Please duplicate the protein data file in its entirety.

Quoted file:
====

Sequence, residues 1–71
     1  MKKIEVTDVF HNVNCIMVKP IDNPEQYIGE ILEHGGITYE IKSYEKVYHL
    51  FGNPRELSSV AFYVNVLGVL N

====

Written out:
Sequence, residues 1–71
     1  MKKIEVTDVF HNVNCIMVKP IDNPEQYIGE ILEHGGITYE IKSYEKVYHL
    51  FGNPRELSSV AFYVNVLGVL N